Levels of Difficulty Growing Food
Gardeners tend to treat all food plants as though
they have the same nutritional requirements, when in fact; they
fall into three broad groups with light, medium and heavy nutritional
needs. This grouping is determined by the degree of inbreeding and
refinement required to develop different varieties and by timing
and seasonality. Gardeners that can sort food plants into groups
organized by the difficulties in growing them, increase their success
at consistently putting food on the table.
The chart below ranks members of the cabbage
family according to growing difficulty and levels of soil nutrition
needed to grow them successfully. Broccoli is rated both moderate
and difficult to grow depending on seasonality. Here, the “window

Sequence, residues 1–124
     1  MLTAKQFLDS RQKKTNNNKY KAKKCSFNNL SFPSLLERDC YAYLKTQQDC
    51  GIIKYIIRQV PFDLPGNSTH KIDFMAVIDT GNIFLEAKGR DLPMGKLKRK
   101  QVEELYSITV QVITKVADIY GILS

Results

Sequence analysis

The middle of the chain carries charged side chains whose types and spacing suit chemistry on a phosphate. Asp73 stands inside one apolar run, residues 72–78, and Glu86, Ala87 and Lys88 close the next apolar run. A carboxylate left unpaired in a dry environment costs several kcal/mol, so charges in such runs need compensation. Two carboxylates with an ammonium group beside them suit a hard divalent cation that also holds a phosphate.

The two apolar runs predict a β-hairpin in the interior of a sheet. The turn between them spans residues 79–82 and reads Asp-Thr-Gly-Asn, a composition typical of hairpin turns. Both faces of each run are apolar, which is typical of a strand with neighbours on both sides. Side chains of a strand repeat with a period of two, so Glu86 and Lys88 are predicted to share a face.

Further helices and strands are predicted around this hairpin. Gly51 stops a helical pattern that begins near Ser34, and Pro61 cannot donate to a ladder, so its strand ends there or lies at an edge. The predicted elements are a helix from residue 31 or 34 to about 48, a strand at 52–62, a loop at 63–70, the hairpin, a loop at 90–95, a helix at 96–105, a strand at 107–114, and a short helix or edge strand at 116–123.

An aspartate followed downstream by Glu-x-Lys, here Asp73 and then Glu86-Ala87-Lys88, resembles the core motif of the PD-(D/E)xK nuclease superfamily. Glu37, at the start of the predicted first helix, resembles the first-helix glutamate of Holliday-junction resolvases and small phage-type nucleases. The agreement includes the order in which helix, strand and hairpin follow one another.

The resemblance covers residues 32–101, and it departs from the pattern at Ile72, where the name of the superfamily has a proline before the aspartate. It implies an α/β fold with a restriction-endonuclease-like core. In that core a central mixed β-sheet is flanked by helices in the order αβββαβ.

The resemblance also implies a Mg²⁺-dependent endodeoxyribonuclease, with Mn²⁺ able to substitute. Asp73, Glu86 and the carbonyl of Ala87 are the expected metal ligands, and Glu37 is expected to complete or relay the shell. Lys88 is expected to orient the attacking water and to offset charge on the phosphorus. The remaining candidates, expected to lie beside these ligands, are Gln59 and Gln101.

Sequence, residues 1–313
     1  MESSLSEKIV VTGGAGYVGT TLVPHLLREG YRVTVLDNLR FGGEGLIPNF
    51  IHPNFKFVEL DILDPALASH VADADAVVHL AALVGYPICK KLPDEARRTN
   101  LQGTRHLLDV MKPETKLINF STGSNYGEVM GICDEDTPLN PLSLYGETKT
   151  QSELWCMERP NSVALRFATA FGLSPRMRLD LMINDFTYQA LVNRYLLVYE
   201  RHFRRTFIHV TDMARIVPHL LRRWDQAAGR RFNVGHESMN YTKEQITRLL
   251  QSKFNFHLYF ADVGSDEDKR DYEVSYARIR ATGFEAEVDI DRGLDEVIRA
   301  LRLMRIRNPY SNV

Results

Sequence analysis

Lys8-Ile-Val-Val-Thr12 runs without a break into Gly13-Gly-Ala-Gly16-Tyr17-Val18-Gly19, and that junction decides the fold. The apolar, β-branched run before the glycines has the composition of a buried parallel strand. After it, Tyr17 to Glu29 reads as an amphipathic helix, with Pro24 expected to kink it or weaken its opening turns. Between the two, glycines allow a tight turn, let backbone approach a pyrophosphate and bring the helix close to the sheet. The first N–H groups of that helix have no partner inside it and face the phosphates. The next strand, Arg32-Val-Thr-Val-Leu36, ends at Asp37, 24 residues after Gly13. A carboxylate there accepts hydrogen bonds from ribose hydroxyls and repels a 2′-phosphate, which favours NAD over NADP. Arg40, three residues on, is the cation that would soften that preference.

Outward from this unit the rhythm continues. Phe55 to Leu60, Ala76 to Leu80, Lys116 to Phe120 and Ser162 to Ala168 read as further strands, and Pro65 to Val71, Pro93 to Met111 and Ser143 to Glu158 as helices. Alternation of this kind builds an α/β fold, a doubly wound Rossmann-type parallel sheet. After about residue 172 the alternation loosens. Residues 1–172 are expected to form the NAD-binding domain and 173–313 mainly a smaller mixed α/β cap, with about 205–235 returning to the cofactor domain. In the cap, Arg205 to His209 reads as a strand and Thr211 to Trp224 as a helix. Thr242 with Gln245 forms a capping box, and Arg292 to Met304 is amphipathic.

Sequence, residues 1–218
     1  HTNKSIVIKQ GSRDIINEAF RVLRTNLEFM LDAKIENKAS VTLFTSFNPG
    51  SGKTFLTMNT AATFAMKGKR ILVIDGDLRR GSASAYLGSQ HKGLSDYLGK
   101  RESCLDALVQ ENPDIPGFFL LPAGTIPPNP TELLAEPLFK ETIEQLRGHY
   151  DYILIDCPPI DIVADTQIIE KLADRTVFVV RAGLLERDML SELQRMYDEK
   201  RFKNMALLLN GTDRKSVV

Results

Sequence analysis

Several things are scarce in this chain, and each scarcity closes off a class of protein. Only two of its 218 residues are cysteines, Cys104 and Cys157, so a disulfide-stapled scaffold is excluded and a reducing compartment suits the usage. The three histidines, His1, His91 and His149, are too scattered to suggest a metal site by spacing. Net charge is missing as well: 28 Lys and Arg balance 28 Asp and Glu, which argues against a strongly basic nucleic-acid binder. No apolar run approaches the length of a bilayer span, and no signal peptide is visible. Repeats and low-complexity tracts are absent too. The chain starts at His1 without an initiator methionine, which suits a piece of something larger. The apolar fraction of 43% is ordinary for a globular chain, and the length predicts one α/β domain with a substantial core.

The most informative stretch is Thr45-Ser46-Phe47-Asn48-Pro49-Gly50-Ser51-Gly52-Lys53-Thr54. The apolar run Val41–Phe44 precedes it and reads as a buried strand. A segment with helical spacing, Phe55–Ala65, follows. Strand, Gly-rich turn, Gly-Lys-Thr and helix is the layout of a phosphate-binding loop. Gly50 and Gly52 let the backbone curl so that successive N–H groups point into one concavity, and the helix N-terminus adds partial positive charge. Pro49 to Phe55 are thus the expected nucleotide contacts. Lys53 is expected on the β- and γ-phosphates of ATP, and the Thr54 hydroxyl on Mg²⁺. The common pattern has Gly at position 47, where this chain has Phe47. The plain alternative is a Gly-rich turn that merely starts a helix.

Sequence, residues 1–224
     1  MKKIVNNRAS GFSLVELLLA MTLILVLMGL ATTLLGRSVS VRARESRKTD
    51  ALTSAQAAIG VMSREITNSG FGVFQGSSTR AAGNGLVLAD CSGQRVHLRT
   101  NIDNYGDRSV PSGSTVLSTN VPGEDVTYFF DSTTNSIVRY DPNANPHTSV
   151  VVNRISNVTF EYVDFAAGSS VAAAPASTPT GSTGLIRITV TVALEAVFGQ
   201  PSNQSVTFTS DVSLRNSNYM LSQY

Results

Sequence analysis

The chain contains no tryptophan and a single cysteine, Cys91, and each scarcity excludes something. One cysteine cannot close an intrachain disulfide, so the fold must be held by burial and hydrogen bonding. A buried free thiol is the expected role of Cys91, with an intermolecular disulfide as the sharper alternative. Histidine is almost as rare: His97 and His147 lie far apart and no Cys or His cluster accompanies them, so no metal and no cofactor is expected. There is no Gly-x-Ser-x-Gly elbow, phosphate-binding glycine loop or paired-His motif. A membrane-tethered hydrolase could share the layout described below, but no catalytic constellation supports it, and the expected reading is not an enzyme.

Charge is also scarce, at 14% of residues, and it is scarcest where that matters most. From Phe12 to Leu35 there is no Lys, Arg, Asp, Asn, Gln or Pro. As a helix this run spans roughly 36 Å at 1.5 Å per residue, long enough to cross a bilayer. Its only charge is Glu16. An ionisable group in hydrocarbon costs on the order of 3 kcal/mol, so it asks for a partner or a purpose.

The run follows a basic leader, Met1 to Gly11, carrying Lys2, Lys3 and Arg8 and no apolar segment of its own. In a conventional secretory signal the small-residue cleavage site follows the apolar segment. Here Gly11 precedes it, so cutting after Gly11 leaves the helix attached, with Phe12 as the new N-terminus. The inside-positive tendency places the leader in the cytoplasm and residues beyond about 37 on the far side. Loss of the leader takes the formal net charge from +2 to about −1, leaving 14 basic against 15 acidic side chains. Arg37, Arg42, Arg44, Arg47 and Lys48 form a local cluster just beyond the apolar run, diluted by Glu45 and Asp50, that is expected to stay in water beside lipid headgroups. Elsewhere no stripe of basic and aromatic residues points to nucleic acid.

of opportunity” for planting broccoli in spring is very small,
but in fall, the only caution is having adequate soil nutrients
to accommodate broccoli’s rather small root system.
Root growth studies show that food plant varieties
that are genetically closer to their wild ancestors have root systems
that are far more capable of foraging for moisture and nutrients.
As a result, they require less concentrated soil nutrition and if
given adequate root room, by not crowding them, can produce food
with less irrigation.
Root development in Kohlrabi and Kale are about the
same and demonstrate the ability of their wild ancestors to mine
the soil. In contrast, Cauliflower has a limited root system in
relationship to above ground growth and requires careful feeding
and irrigation to produce quality food. Broccoli has a root system
similar to Cauliflower, but is more tolerant of clay soils.
When growing the more refined food plants there
are reasons to select high quality hybrid seed over heirlooms and
traditional open pollinated varieties, or searching for heirlooms
that still retain their original vigor. (subject for a different
till next time,
Darrol Shillingburg – January 2008
Doña Ana Extension Master Gardener